Other common name: Inuit nuts
Scientific name: Bistorta vivipara
Inuktitut name: Sapangaralannguat, turlait, tuqtait, Inuit
photo: Viviparous Knotweed (Bistorta vivipara), Grimsdalen, Rondane National Park, Norway
leaves and shoots are edible raw.
rhizome can be eaten raw.
rhizome can be steeped in water, roasted/dried, and ground into flour.
rhizome is suitable for use as a potherb.
seeds are edible, either roasted whole or ground into meal/flour.
small bulblets can be eaten raw.
plant is rich in vitamin C.
varieties in the Pacific Northwest include American bistort (Bistorta bistortoides) and Alpine bistort (Bistorta vivipara).
grows in moist, open areas on montane, alpine, and subalpine slopes.
warning: eating raw plants in large quantities can cause diarrhea.
The bulbils sometimes start to develop leaves even before they drop off the mother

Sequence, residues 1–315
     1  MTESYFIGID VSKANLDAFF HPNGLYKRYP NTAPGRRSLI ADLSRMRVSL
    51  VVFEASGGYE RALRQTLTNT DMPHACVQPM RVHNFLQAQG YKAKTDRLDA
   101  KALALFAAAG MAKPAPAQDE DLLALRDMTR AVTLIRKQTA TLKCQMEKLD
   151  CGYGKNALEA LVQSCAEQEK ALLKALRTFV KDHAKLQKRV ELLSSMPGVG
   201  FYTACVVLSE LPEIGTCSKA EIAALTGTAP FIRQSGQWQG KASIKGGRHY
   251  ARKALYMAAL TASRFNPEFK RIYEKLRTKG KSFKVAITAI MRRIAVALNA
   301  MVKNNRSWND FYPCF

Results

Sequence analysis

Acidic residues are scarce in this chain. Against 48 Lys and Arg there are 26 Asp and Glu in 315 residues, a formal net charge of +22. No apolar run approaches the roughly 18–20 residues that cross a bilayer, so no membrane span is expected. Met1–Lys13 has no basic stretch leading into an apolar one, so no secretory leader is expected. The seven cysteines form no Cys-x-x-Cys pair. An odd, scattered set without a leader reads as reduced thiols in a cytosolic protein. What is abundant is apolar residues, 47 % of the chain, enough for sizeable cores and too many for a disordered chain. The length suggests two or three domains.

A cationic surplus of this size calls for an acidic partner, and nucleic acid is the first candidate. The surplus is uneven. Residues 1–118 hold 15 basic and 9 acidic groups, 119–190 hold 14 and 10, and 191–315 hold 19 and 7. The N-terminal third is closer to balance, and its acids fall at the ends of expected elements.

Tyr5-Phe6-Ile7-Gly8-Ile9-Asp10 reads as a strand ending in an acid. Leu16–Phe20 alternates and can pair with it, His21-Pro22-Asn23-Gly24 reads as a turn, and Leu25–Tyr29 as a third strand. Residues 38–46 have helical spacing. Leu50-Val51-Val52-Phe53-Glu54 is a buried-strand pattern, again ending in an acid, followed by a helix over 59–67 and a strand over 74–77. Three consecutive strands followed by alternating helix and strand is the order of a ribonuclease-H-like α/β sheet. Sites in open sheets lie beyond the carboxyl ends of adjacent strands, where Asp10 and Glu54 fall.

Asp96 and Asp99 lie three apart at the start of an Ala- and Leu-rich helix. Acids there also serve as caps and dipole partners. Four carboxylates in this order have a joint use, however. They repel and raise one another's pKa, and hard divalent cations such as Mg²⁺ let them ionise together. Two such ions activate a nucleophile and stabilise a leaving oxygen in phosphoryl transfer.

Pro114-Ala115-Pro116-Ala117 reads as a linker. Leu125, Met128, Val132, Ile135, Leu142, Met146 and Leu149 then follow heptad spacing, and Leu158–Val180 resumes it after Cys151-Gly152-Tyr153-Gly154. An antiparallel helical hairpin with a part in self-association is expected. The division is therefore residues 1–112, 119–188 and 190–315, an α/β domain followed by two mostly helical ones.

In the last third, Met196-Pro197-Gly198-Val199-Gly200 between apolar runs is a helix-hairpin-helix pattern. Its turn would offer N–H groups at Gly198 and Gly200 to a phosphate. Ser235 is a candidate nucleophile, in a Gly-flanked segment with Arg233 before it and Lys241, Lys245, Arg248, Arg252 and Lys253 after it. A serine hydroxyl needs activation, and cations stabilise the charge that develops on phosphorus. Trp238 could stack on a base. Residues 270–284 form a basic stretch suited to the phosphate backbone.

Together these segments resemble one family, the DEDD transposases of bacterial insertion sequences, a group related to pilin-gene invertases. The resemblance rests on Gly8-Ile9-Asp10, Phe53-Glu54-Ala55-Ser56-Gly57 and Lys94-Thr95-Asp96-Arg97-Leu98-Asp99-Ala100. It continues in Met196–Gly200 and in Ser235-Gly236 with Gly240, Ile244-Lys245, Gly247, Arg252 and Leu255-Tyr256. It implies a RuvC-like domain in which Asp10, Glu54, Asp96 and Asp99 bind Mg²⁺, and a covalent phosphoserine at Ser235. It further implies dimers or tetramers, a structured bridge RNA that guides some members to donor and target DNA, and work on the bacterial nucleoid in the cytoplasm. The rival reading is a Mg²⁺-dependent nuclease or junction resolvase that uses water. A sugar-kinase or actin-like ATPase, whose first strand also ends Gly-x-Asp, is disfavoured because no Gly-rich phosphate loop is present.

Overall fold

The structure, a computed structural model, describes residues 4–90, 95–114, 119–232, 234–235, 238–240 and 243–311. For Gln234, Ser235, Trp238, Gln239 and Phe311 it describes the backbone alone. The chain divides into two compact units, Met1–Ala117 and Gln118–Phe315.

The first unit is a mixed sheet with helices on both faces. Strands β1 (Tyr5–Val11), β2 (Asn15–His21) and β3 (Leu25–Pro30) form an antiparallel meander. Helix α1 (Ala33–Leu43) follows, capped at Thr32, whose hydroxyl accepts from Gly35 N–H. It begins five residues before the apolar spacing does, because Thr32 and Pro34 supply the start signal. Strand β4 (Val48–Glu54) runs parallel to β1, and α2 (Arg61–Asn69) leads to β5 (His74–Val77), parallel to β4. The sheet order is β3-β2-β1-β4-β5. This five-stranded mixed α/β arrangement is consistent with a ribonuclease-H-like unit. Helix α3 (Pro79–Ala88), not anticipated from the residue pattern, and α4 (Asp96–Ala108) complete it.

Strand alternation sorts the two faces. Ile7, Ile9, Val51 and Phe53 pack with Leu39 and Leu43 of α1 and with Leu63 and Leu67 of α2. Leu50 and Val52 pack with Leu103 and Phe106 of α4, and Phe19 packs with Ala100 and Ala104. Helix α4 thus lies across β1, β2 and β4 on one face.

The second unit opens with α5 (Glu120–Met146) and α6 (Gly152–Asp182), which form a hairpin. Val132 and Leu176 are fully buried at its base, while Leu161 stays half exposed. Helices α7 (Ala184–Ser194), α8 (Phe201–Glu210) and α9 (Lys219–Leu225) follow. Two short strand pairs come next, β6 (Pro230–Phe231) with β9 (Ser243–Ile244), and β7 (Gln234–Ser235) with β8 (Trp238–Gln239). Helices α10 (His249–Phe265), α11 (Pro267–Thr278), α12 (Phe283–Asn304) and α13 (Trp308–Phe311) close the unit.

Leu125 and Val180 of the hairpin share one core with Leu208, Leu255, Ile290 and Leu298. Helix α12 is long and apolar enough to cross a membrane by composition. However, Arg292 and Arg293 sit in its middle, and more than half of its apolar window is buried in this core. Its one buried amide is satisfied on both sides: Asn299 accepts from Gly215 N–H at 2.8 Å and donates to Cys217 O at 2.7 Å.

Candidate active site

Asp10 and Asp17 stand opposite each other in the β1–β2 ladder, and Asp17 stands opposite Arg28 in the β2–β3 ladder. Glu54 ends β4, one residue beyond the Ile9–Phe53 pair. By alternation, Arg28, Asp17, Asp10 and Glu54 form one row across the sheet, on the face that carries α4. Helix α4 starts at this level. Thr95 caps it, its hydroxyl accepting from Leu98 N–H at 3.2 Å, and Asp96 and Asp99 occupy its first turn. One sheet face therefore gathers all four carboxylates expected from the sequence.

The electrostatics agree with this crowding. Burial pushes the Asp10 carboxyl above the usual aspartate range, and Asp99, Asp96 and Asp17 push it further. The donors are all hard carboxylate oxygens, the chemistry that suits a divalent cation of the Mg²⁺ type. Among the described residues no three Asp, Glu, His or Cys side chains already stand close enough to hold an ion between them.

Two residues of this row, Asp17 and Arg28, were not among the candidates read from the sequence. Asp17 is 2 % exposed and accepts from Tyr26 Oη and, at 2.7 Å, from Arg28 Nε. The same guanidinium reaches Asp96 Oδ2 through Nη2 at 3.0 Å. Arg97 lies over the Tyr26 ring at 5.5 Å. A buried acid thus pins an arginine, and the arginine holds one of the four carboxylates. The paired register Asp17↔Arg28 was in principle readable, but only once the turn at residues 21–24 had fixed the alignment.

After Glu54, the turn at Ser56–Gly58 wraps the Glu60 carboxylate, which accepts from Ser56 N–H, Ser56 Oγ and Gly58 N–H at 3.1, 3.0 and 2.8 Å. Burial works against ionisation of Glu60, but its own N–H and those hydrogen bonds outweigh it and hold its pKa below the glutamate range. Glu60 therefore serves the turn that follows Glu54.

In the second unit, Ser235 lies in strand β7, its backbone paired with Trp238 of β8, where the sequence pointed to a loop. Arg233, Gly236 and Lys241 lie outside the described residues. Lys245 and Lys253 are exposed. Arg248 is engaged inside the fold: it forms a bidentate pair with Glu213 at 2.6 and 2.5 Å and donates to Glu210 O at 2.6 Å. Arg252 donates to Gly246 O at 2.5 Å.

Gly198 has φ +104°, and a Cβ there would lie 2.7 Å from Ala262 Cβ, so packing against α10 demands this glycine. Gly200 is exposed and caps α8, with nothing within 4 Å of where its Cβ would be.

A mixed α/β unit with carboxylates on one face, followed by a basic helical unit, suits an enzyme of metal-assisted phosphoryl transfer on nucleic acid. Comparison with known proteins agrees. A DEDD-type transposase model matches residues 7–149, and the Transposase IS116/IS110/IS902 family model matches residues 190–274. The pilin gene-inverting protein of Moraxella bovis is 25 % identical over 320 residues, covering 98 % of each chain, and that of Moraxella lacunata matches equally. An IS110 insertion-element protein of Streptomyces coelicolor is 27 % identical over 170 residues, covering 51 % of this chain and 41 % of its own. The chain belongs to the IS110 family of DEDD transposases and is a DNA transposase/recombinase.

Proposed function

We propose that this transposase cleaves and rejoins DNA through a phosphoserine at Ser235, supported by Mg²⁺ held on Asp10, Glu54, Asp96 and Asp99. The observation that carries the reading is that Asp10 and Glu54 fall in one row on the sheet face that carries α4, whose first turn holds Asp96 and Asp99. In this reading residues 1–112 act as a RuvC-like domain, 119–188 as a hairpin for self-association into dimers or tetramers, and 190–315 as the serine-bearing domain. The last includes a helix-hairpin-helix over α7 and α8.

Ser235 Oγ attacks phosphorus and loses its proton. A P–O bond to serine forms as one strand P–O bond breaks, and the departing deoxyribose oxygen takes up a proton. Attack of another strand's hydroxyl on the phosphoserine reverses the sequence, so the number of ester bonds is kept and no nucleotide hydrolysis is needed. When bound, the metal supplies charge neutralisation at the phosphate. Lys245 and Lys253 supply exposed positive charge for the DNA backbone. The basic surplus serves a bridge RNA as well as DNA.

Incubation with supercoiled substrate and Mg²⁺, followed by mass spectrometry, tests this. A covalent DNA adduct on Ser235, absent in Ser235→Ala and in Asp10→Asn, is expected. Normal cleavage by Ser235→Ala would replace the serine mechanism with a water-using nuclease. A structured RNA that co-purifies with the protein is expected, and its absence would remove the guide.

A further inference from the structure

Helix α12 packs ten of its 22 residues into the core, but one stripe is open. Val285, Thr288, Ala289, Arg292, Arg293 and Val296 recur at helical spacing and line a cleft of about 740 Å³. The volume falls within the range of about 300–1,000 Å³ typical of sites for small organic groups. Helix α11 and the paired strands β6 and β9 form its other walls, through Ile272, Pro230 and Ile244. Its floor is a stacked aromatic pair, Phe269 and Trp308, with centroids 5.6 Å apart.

plant. In fact, if you pick some Alpine bistort and put it in a glass of water, you can
watch the bulbils grow their tiny leaves, as they get ready to drop off. Once they drop
off, try planting some and see what happens!
The Inuit name, Sapangaralannguat, means, “imitation small beads.” The
underground parts are small, about the size of almonds, and they are best dug before
the plants begin to put out leaves in the spring. In Iqaluit, they are called Inuit nuts
and are said to taste a bit like almonds. The Inuit eat the leaves and bulbils, and also
dig up the rhizome, which can be eaten raw or cooked.